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MARCH EDITION 2017
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  • SURFING BALI
  • ONCE THE ERLE STANLEY GARDNER
    BUILDING STOOD PROUD - NOW
    ITS INNERS LIE IN SHREDS & REAR
    IS APPROACHING A DETERIORATED LOOK

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ONCE THE ESG BUILDING STOOD PROUD - NOW ITS INNERS LIE IN SHREDS & REAR IS APPROACHING A DETERIORATION LOOK


Column's History By: Richard Senate
Today's Update By: J. B. Robinson
Posted: 03/22/17

Some of the miraculous architectural nation's buildings stand tall and mighty through all kinds of storms and earthquakes. Until recently, this was true of what is now called the Erle Stanley Gardner Building located on the corner of California and East Main Street in Ventura California rename after Erle Stanley Gardner, the local lawyer who created Perry Mason . The architecture reflects Renaissance Revival elements on her terracotta exterior including Hellenistic Cherubs. It was known for its incredible high ceiling lobby with decorative chandeliers, tall marble pillars and dark-wood paneling.

The ESG Building has survived major storms such as the one in 1949, 1952, 1969 and 1972 as well as the dark days of World War II. It survived the great Long Beach Earthquake of 1933 and the Northridge earthquake of 1992.

Not so today. During the potential relocation of Brooks Institute, James DeArkland, the ESG Building's now owner, and team ripped the downstair's historical beautiful lobby into shreds including the marble off of the tall pillars, tearing out the beautiful dark paneling, defacing the front by removing the brass front door and destroying the look of the building's rear, which has the beginnings of a deteriorate look to it. The latter, of course, diminishes the whole architectural visual look from the rear parking lot and walking up from Oak Street.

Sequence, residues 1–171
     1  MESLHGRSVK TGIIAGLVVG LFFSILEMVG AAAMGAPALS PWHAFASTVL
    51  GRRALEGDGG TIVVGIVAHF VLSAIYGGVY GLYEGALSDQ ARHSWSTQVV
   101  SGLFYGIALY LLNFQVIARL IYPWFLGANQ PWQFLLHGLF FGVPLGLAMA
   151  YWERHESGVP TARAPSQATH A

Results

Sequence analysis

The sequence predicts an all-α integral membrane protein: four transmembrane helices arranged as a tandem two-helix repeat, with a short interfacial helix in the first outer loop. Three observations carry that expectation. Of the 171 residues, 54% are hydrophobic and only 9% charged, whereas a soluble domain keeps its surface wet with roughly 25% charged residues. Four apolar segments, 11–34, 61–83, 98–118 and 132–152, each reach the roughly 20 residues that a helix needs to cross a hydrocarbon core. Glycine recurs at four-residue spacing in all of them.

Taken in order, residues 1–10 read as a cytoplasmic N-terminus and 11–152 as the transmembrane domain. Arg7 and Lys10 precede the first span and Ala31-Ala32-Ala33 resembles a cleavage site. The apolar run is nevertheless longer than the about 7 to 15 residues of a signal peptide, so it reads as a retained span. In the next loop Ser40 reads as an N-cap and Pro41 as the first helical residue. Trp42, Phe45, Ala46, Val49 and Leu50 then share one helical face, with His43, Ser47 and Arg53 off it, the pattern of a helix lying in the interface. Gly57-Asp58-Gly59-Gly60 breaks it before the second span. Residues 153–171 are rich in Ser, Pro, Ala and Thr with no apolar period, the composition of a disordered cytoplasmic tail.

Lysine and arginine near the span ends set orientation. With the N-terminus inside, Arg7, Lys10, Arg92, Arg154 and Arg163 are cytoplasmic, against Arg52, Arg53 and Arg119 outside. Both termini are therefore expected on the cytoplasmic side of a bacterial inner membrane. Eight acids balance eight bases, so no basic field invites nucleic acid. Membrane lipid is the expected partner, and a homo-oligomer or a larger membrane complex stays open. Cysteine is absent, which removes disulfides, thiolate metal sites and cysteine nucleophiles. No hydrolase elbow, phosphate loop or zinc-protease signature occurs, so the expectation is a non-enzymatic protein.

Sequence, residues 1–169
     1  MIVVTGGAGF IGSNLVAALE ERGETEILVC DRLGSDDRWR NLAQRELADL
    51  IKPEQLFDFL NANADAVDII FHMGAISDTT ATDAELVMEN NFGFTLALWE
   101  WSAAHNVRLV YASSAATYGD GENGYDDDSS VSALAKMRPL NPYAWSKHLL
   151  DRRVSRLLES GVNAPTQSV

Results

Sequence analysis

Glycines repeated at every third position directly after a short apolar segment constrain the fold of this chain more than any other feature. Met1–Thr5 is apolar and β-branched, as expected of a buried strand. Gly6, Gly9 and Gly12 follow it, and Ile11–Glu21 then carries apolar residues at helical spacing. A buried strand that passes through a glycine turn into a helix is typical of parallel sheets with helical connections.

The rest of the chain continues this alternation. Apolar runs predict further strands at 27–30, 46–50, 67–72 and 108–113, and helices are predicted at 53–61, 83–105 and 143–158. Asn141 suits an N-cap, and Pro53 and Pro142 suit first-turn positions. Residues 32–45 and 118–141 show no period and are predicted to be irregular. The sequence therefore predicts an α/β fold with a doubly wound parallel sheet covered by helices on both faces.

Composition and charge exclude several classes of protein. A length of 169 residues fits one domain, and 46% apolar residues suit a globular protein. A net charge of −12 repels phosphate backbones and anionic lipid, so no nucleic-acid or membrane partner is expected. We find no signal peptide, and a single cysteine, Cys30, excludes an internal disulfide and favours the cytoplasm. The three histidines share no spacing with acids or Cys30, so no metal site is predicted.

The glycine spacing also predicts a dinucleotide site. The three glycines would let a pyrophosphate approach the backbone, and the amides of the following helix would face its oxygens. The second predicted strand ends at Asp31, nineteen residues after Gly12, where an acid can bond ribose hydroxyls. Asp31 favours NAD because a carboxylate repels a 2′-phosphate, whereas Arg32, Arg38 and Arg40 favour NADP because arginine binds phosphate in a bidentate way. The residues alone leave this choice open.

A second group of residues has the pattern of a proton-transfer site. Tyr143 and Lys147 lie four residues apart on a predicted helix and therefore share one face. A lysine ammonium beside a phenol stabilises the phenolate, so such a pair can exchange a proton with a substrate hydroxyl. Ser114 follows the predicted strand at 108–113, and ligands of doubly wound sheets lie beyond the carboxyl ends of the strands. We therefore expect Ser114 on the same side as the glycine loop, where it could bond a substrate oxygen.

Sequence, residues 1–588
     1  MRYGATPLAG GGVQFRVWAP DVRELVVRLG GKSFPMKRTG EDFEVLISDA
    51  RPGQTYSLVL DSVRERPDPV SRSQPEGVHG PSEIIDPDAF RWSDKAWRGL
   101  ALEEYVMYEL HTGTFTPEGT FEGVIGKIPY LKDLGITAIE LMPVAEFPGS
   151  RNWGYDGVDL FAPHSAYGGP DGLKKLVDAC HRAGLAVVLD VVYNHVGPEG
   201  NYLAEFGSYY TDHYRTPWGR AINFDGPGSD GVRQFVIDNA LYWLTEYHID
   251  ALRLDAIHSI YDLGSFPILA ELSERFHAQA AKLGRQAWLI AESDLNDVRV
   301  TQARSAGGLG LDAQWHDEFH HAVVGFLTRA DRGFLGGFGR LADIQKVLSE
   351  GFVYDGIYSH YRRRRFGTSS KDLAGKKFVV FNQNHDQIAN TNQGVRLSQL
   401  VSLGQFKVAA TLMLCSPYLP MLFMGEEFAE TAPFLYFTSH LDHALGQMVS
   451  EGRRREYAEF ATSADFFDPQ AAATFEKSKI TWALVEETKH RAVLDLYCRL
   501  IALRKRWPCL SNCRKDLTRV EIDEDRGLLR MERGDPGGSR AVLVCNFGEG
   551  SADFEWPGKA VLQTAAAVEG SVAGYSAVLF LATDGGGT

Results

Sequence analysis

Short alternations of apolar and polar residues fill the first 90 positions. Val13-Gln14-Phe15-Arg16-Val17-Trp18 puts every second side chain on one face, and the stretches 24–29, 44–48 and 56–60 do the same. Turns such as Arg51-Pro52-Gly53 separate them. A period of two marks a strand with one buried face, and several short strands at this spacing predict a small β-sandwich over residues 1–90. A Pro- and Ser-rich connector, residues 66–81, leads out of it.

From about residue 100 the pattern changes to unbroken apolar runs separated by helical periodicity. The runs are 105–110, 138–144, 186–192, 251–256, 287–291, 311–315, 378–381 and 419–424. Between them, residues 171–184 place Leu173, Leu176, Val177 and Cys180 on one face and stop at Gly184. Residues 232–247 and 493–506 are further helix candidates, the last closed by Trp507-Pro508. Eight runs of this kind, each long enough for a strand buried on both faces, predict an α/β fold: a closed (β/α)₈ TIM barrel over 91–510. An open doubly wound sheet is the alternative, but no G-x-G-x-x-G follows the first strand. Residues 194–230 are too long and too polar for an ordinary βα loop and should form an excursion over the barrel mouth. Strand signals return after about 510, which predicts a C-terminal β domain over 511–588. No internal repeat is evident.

The questions here are: (1) did the City of Ventura's Planning Department issue permits for the building's lobby to be shredded destroying its lavish inners, or (2) was DeArkland and his team allowed to move forward without proper permits in order to rush the project through for Brooks Institute to get relocated and its doors open in downtown Ventura ASAP.

Our investigative reporter was told that few if any permits were issued for the remodeling therein. The remodeling permits section of the planning department, we are told lie under the jurisdiction of Dave Ward who in turn reports to Jeff Lambert, Community Development Director for the City of Ventura. Now what lies in the lobby is no more than rubble which has lasted during the six months or so since the Brooks Institute closure took place causing both financial and structural fiasco in the downtown Ventura. In the large Main Street window is posted a "For Lease" sign.

In a rented office on the third floor, the history of the building includes that of Erle Stanley Gardner where he first typed up the first three Perry Mason Mysteries. Gardner patterned Perry Mason's fictional LA office on his own on the third floor.

The present building was constructed in 1926 and used by the First National Bank, Then--in order--Bank of America, Security First National Bank, Channel Islands State Bank, Wells Fargo Bank and lastly the American Commercial Bank. The office provided space for many lawyers including Orr and Gardner. Over the years, many have rented the offices and store front space in the building including such proud downtown businesses as Heirlooms Antiques and more recently Natalie's Fine Threats.